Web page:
A couple of truths blared like an echoing clarion in a shower stall at Rio Tinto Stadium before Wednesday night’s Real Salt Lake-Philadelphia match: 1) RSL doesn’t lose to the Union, and 2) RSL doesn’t lose at all.
That horn was muffled a bit through the subsequent action, but a home loss was avoided in the final seconds of extra time, after Real trailed throughout, when Javier Morales nailed a penalty kick following a Philly infraction. On an off night, then, when it betrayed itself with its play, Salt Lake would take the 2-2 draw and run.
It’d been nearly two months and 10 games in all competitions since Real had last tasted defeat. And by way of that blistering span, the club had risen to the top of the MLS standings, and had done so with a comprehensive combination of stiff defense and explosive scoring. If there’s any other way to win, these guys have no need for it.
RSL had allowed only three goals in June and, at the other end, scored 17 of its own. Real Salt Lake now stands second in league play in total goals scored this season, having utilized its standard diamond formation, as well as moving a third forward up front. Making room and creating space for rising young strikers is a sweet problem to have.
Either way, Real was indeed blowing that certain trumpet.
Pile on top of that the fact that RSL, in five previous outings against Philly, had never flat-out dropped a game, and … well, a continuation of a more and more remarkable streak was at hand.
Under normal conditions, a tie would have sucked. But with the way this match unfolded, it was a blessing.
The Union scored first, in the 13th minute, on a nice move by Conor Casey, who beat a sliding Carlos Salcedo before sending an assist to Sebastien Le Toux directly in front of Real’s Josh Saunders. The goalkeeper’s limited options at that moment were to either jump the pass or sit steady as a dead duck. He chose the latter, and RSL was down, 1-zip.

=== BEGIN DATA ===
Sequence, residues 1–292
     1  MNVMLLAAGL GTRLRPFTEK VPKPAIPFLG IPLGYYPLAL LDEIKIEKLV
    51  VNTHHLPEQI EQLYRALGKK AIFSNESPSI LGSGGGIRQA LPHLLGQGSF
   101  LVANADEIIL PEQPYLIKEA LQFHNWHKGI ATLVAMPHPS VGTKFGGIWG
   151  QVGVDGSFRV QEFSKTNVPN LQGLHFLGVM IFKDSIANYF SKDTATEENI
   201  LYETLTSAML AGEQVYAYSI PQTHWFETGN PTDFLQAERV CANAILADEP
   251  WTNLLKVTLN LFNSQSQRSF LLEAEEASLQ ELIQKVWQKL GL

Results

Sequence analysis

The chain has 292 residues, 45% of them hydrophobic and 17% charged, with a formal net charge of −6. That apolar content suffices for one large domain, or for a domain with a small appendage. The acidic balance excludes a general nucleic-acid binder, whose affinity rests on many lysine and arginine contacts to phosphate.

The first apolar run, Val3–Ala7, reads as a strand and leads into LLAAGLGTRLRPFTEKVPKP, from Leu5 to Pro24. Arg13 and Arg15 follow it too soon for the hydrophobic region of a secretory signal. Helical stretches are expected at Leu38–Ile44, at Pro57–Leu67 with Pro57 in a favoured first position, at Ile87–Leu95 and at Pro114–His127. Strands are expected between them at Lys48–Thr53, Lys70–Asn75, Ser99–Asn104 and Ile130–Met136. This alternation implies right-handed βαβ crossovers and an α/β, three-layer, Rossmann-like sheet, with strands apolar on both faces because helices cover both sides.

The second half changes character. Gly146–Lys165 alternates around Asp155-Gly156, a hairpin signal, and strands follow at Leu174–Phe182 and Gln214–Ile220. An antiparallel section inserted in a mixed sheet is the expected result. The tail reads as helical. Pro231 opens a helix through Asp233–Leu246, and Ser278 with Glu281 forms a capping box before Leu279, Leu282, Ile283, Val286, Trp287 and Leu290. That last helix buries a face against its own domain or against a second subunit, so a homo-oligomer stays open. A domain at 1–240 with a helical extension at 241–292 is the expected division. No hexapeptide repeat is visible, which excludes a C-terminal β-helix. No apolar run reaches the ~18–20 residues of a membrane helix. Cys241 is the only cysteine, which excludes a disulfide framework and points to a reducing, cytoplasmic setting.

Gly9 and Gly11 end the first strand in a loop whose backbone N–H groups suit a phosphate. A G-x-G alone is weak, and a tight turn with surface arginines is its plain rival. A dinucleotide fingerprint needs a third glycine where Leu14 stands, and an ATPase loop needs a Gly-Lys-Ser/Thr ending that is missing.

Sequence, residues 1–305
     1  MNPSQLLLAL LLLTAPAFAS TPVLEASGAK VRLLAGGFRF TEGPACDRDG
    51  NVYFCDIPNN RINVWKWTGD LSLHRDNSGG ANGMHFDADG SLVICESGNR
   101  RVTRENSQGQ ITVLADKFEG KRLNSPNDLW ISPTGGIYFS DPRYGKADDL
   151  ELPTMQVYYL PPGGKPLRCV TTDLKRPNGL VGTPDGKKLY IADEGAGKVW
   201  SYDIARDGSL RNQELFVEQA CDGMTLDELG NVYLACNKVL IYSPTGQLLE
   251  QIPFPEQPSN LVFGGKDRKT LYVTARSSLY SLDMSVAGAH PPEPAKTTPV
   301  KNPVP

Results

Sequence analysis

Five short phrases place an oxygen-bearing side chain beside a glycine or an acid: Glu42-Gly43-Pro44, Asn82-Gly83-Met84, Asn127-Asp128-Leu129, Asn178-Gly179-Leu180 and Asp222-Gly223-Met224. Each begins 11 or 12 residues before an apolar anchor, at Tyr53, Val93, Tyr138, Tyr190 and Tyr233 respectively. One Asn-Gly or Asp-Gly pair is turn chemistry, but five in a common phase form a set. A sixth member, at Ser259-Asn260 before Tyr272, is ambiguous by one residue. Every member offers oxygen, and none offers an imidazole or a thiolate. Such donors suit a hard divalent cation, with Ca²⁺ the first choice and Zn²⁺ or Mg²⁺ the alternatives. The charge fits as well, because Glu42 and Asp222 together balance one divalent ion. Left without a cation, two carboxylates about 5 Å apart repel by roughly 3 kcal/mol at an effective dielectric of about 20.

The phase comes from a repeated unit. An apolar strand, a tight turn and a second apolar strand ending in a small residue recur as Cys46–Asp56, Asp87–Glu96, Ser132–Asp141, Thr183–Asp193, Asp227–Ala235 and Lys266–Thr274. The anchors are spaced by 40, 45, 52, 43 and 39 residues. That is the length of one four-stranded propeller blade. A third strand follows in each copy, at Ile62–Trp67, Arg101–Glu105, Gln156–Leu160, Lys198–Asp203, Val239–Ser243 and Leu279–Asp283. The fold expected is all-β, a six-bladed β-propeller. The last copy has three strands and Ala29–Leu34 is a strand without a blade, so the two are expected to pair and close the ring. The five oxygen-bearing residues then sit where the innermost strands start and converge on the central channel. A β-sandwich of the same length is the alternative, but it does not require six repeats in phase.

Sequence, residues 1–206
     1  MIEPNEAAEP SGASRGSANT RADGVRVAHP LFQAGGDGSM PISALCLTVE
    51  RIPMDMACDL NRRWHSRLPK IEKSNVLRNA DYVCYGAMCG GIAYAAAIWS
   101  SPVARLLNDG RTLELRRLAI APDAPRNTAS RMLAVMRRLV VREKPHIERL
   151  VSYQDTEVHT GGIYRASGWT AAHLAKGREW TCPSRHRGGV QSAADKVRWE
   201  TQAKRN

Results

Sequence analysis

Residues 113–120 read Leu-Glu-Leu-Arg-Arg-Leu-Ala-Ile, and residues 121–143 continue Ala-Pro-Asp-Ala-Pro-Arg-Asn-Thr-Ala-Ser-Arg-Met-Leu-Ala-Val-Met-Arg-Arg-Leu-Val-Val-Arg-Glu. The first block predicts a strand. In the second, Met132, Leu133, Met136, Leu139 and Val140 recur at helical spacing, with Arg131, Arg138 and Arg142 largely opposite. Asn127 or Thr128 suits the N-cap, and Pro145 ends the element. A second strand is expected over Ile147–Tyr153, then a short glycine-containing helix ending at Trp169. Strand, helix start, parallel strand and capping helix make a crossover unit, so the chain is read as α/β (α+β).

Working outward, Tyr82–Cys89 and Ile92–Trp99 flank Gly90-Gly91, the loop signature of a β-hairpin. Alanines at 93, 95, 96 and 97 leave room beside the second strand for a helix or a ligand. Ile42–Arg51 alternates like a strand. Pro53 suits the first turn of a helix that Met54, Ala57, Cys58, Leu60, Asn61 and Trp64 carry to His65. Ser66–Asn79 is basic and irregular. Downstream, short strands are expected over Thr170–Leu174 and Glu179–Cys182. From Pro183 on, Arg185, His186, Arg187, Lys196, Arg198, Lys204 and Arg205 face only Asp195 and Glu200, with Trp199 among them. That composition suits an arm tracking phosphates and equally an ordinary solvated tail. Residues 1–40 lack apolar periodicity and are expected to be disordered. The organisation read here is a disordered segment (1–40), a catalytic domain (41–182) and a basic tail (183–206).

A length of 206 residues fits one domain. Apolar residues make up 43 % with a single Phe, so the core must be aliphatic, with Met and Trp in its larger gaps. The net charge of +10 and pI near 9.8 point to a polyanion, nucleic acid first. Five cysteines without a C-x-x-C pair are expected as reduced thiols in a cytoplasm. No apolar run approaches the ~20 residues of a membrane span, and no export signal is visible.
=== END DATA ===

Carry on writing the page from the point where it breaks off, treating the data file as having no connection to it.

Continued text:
In the 19th minute, Robbie Findley barely missed a header intended to equalize. No dice. In the 35th, Joao Plata couldn’t get a shot past Philly GK Zac MacMath. Two minutes later, Javier Morales failed from in tight.
At times, RSL struggled to even advance the ball out of its defensive third. When it managed to get into its attack, it couldn’t sync up, nor finish.
That got worse in the second half, when midfielder Lovel Palmer was sent off with a red card on what looked like a weak call by referee Ismail Elfath.
Still, chances came to RSL. Luis Gil pulled off a spectacular play, heading a ball into the net, leveling the thing at one in the 75th minute. But a few seconds after, Casey easily beat Saunders, putting the Union up, again, 2-1.
From there, RSL tried real hard, but couldn’t finish as the clock wound down. Just as defeat was at Real’s door, the Philly foul was called, and Morales banged his shot into the goal.
That result was made, if not glorious, at least acceptable on this occasion, given a sellout crowd gathered at Rio Tinto to enjoy a double-shot of celebration — half of it for Real’s performance and the other for the post-match fireworks show on the eve of Independence Day.
Speaking of patriotism, RSL was playing Wednesday night without four of its biggest stars, summoned as they were for national team duties — Nick Rimando, Kyle Beckerman, Alvaro Saborio (Costa Rica) and Tony Beltran, who also happened to be suspended for this game, had he not been called up.
On the flip side, Union striker and MLS leading scorer Jack McInerney was also missing at the behest of the U.S. team.
As it went, RSL, under duress, made do with its fill-ins and its sometimes-lackluster play. Major League Soccer’s hottest team may not have stayed so hot on a hot July night. But the horn it blew this time around was better and louder than if it had blown the game instead.
GORDON MONSON hosts "The Big Show" with Spence Checketts weekdays from 3-7 p.m. on 97.5 FM/1280 and 960 AM The Zone. Twitter: @GordonMonson.
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